Parkinson's Disease or Syndrome?


#1
Hi All
I recently received a letter from my consultant informing me that i have Parkinsons Syndrome, as my appointment is not for a couple of weeks and i have no one to ask i wondered if anyone knew if this is the same as Parkinsons Disease.

Thanks.

Paul.

#2
I think if he said Parkinsons, that is the important word. Disease has always seemed (to me) to mean something caused by a bacteria or virus and probably infectious. I think Parkinsons is better described as a syndrome or simply condition. You could try calling the helpline number at top left of the page.

#3
I AGREE...I WAS TOLD I HAD PARKINSONS AT 44YRS OLD WHICH FREAKED ME OUT AND EVERY OTHER WORD PEOPLE SEEMED TO SAY TO ME INCLUDED THE WORD DISEASE,WHICH WHEN UR TRYING TO GET YOU HEAD AROUND THE FACT UVE GOT IT ANYWAY DOES NOT HELP...

#4
.
Hi.

There are a number of conditions, "Parkinson's (Disease)" being one of them, which display very similar symptoms. Often the consultant won't know which of these you have until he's done numerous tests, including sending you off for scans.

Until he's sure he'll often hedge his bets by referring to it as Parkinson's Syndrome, or Parkinsonism. Sometimes, if he's still not sure, he'll stick with his chosen "undecided" diagnosis for quite a while (in my case 3 years) before committing himself.

But just to confuse things even more, some consultants, especially the younger ones, are now switching hook, line and sinker to a complete name change, with "Parkinson's Syndrome" or - more usually - just plain "Parkinson's" ALWAYS being used where previously "Parkinson's Disease" would have been used.

This is due to the aforementioned stigma attached to the word "Disease", and doubts as to whether Parkinson's actually fits the definition of a disease, a syndrome or whatever. It also aligns with this organisation's name change from "Parkinson's Disease Society" to "Parkinson's UK".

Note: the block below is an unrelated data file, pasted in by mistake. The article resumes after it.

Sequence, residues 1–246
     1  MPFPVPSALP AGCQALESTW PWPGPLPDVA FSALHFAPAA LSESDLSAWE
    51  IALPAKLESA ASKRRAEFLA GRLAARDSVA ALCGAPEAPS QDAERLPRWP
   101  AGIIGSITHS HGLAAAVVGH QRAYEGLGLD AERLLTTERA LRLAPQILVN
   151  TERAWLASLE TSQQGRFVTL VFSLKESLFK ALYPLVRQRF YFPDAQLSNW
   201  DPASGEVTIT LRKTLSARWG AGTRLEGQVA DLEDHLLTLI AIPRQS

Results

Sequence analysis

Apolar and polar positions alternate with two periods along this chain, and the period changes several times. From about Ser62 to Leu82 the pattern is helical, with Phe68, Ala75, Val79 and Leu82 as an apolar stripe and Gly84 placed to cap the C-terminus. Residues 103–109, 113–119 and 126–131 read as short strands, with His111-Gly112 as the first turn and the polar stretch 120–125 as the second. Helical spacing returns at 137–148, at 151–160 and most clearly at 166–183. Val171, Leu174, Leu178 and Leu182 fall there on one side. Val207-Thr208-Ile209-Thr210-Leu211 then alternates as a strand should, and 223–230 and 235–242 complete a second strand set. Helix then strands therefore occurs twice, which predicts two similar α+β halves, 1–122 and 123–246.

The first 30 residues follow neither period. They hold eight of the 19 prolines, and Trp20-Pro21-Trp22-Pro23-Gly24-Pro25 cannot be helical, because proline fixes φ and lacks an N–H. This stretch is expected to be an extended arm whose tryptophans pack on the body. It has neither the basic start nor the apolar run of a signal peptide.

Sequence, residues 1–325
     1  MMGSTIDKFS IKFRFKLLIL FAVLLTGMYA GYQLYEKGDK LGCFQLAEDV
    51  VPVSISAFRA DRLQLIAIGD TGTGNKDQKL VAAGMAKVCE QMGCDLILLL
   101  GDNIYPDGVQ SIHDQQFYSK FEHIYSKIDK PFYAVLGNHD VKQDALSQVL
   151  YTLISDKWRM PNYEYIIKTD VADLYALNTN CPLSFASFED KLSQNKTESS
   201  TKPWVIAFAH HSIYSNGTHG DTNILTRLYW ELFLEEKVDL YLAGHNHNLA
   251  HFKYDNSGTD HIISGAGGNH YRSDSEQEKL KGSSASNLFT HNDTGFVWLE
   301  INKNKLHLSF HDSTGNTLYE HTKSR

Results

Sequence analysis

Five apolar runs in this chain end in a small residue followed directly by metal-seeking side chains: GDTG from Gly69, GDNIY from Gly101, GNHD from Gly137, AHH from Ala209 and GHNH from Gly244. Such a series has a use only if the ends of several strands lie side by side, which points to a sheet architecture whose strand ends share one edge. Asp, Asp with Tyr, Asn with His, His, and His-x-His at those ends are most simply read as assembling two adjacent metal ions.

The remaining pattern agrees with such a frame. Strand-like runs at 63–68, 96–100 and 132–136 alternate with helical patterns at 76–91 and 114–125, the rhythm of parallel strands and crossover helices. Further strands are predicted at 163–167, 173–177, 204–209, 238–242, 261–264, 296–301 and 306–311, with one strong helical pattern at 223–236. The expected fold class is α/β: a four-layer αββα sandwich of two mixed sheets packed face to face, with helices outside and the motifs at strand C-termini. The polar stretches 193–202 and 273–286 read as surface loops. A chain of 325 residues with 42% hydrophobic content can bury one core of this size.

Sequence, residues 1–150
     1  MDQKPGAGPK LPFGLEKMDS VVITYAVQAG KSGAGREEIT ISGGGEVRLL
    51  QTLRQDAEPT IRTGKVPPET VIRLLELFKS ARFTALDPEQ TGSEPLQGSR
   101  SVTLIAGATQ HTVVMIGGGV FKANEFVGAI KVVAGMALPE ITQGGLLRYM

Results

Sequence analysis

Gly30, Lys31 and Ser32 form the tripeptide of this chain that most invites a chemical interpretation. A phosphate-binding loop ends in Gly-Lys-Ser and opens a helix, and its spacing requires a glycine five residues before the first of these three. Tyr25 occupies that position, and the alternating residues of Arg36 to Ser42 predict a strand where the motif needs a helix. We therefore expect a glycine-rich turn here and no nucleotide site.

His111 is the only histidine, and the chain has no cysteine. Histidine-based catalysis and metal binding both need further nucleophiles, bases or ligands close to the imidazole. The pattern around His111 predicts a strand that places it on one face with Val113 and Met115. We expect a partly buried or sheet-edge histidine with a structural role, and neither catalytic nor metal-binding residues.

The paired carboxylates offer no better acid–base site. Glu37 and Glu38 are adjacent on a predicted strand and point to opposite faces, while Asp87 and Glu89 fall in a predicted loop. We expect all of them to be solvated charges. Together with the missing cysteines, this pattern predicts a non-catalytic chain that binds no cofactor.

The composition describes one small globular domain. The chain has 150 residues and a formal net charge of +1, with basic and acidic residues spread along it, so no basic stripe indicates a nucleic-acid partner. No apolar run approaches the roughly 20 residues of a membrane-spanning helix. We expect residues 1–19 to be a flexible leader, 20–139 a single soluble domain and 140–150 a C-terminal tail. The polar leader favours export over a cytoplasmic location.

I'm sure your consultant won't mind you asking him to clarify your position at your next visit.

ROS
.

#5
I prefer idiopathic parkinsonism. That means its Parkinson's, don't know why you have it, not in any great rush to find out why, there are some tabs to manage it 'til we find out how to sort it properly.

Unless I'm in the middle of getting a parking ticket, then it's Parkinson's DISEASE, or if I'm a bit shaky, but would like to be treated as an equal it's Parkinson's Syndrome - which is a movement disorder. If I don't much feel like talking about it its Idiopathic parkinsonism which comes about as a result of losing 80% of my dopamine neurons, which reside in the substantia nigra area of the brain about the size of a pea ...causes unknown but it is suspected that it may be environmental factors ... progressive, no cure yet ... most curable neurological condition ... Micheal J Fox, Mohamed Ali, Pope John Paul II, you might have it - it can be working on you 15 years until symptoms appear, needs more funding, and yes I am very young to have it, yes it did come as a bit of a blow, please don't let the next thing you say be 'Well, it could be worse!" cos I will have to take some Sinimet and strike you across the jaw at which people take great offence ... (when you see their face glaze over you can stop talking).

#6
Hi All
Thanks for your comments its a great help.

Paul

#7
hi eck

ive just been diagnosed at 52 but friends are nnow saying that i had signs 15 year ago so if it starts 15 year before that.then that means it first started in 1981 when i was 22.

now that is really worrying,its not looking good for the future if ive had it 30 year already

#8
I'm not sure about this twins. If you have had it for so long without getting a diagnosis, then it is progressing very slowly and you still have years of active life ahead of you.

Hope this isn't too pollyanna so early in the morning.
Best wishes

#9
Mine is progressing at far too quick a rate than i would like !!.a year ago the only symptom i had was dizziness , now, despite the drugs I am in pain all down my right side,, I feel stiff and i trip over anything bigger than a grain of sand, I am forever knocking things over and still feel a bit dizzy.

perhaps they haven't found the right drug for me yet.

Caroline

#10
Sorry you're having troubles Caroline. The only thing I can't deal with is my silly curly uppy toes.

Marathon runners talk about hitting a wall, I will be going along fairly happily and then ping.